MOH recipient signs memoir
Medal of Honor recipient Salvatore A. Giunta, left, talks with Sgt. 1st Class Samuel Fuller, 1st Battalion, 22nd Infantry Regiment, 1st Brigade Combat Team, 4th Infantry Division, during his book signing at the Post Exchange at Fort Carson, Colo., Dec. 6, 2012. The two served in the same platoon in 2007 when Giunta earned the Medal of Honor for his actions in the Korengal Valley in Afghanistan.

FORT CARSON, Colo. (Dec. 13, 2012) -- With no entourage and no fanfare, the first living servicemember to receive the Medal of Honor since Vietnam, Salvatore A. Giunta, began his Dec. 6 book-signing session at the Fort Carson Post Exchange by quietly introducing himself to those near the front of the line of more than 100 people.

Those in line waited patiently, copies of Guinta's newly-released memoir "Living with Honor: A Memoir" in-hand, as Giunta spoke with each individual who had come to meet him, wrote a personal message in each book and shook everyone's hand.

"This is a once-in-a-lifetime opportunity -- to meet a Medal of Honor recipient," said Spc. Windell Anuntak, 1st Battalion, 12th Infantry Regiment, 4th Brigade Combat Team, 4th Infantry Division, who returned last week from a nine-month deployment to the same province in Afghanistan where Giunta's heroic actions unfolded.

Giunta, who left the Army in 2011 as a staff sergeant, received the Medal of Honor for his actions Oct. 25, 2007, in Korengal Valley in Afghanistan, while a specialist with the 503rd Infantry Regiment, 173rd Airborne Brigade.

Reacting to an ambush on his company, Giunta exposed himself to heavy enemy fire while administering aid to wounded Soldiers. Advancing up a hill alone under constant fire, he killed one insurgent and injured another, stopping them from carrying away a gravely-wounded Soldier.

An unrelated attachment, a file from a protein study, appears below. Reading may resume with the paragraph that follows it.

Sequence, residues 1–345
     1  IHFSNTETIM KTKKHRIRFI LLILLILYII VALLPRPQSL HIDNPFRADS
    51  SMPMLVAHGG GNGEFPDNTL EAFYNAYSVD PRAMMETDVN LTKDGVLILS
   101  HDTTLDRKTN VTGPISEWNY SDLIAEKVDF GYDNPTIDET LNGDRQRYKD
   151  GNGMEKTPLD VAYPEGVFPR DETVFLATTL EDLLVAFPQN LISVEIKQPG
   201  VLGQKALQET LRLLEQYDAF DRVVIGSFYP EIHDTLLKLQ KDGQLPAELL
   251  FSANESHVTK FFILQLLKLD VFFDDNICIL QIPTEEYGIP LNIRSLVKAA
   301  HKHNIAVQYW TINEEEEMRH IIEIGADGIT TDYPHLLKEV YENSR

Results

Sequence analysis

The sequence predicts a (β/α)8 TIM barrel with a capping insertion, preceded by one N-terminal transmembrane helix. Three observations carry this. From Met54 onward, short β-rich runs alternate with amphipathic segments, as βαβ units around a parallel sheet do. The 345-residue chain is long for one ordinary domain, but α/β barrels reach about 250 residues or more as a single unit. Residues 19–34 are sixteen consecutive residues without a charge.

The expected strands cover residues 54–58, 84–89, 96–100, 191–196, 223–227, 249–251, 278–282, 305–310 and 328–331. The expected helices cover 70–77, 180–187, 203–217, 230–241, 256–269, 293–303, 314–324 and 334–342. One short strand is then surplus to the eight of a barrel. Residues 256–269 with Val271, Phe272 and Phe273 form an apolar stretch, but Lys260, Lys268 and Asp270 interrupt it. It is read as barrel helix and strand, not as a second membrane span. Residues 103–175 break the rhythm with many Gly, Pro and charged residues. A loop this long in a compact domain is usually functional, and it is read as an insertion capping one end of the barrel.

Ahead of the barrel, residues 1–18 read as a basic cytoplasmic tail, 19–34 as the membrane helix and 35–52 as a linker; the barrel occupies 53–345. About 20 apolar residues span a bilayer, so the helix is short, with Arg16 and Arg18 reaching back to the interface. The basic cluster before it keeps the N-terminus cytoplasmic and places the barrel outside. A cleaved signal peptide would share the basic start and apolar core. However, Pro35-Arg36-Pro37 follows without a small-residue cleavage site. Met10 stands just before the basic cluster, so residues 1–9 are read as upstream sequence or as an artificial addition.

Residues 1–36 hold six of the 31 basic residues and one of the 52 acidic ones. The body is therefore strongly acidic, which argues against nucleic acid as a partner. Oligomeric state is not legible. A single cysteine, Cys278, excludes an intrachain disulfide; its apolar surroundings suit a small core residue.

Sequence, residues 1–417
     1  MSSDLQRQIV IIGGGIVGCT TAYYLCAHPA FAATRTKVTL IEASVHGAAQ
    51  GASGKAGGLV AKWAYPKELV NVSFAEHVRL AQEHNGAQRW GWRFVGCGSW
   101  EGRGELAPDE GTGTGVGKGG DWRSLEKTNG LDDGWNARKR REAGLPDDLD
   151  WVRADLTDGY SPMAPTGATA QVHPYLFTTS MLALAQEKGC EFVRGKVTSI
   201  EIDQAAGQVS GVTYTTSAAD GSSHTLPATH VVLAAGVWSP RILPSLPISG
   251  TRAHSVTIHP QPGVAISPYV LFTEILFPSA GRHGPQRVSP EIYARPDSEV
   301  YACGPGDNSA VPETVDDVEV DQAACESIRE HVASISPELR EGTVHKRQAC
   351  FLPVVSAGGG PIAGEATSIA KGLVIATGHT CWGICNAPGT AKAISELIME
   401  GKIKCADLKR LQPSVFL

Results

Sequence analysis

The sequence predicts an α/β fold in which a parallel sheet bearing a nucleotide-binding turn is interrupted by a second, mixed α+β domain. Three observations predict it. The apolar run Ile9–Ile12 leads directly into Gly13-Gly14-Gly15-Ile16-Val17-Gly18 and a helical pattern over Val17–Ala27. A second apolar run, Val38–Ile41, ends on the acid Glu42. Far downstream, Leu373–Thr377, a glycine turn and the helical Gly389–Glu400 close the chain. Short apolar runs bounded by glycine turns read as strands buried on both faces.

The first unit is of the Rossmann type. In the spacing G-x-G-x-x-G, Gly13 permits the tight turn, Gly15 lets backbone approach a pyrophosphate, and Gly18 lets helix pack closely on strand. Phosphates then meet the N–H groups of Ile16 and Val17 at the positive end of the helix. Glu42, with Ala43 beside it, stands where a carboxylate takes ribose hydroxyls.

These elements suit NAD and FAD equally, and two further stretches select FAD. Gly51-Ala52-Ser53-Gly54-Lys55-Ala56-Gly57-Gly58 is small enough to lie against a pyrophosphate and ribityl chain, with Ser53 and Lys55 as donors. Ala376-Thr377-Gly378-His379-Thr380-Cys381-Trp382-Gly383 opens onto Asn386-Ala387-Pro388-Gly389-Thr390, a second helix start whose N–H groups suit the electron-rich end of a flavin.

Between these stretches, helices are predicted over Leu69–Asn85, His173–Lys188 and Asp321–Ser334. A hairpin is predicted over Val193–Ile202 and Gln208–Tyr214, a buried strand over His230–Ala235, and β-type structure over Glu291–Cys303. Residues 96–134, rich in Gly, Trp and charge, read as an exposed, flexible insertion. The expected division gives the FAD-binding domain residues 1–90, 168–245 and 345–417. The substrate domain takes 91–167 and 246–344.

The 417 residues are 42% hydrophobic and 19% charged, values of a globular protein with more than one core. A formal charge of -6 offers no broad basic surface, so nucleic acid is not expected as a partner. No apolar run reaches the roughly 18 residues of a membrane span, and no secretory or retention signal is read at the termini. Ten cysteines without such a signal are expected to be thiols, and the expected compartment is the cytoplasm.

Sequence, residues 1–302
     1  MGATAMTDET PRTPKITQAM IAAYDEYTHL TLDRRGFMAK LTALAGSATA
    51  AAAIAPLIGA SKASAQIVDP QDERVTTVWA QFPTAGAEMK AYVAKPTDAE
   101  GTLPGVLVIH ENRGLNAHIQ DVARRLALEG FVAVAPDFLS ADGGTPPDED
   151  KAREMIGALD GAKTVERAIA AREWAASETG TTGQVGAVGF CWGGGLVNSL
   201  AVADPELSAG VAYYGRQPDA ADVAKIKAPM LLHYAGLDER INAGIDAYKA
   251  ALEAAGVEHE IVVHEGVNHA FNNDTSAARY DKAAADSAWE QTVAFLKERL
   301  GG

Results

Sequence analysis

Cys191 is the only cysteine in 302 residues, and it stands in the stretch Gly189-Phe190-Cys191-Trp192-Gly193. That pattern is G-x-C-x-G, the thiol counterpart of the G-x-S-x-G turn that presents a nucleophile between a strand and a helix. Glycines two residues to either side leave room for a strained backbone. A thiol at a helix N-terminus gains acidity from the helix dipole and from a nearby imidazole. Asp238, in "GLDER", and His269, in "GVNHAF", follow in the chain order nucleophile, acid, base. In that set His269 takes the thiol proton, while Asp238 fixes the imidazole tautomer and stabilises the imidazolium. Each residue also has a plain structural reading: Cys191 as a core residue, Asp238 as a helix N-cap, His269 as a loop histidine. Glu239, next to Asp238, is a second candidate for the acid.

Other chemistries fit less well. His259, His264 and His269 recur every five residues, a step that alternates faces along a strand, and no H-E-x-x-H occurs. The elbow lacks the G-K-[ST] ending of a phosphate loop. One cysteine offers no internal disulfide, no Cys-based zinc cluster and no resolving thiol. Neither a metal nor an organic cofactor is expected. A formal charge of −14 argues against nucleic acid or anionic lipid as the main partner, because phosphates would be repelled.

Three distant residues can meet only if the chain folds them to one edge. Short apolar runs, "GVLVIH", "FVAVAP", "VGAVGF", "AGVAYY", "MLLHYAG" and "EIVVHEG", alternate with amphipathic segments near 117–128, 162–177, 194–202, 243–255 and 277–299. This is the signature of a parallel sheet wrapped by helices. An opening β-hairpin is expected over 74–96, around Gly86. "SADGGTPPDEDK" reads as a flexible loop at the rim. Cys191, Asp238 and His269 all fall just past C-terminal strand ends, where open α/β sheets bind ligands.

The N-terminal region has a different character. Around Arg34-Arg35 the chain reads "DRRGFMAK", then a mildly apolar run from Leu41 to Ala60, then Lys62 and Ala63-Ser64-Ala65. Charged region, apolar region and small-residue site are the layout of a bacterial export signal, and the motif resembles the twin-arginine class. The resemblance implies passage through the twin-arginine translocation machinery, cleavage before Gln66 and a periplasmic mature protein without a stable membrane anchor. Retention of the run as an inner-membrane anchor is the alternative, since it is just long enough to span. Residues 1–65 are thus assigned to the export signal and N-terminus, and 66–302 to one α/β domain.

"Living with Honor," co-written with Joe Layden, details Giunta's life with a humbleness that was evident as Giunta thanked service members and spouses, who had waited in line, for their service.

"The president clasps the medal around my neck. Applause fills the room. But I know it's not for me alone. This is for everyone who has fought and died. For everyone who has made the ultimate sacrifice. I am not a hero. I'm just a Soldier," Giunta wrote in his memoir.

"I'm looking forward to reading (the book)," said 1st Lt. James Culak, 1st Battaion, 12th Infantry Regiment.

Culak said he waited in line because, "when else are you going to have the chance to meet a Medal of Honor recipient? I wanted to take advantage of the opportunity."

The book signing prompted a mini reunion when it was Sgt. 1st Class Samuel Fuller's turn to have his book signed. Now with 1st Battaion, 22nd Infantry Regiment, 1st Brigade Combat Team, 4th Infantry Division, Fuller said he and Giunta were in the same platoon at the time of the ambush in Korengal Valley.

"It's weird to see him now," said Fuller, explaining that after the events of that deployment, he served in a different unit and dealt with the difficult memories by avoiding the Soldiers he served with downrange.

A number of years having passed, Fuller was happy to have the chance to catch up with Giunta.

Due to the overwhelming response, Giunta remained at the Exchange 30 minutes past the scheduled end of the event, meeting each person in line and signing every copy of the book available.

"We ran out of books at noon today," said Exchange Store Manager Amanda Kruse. Only 30 minutes into the two-hour book signing session, two copies remained of a second emergency shipment.

"There was huge interest in this," said Kruse, while waiting on a third shipment of books scheduled to arrive from Peterson Air Force Base, as more customers worked their way to the front of the line to meet Giunta.

Page last updated Fri December 14th, 2012 at 08:24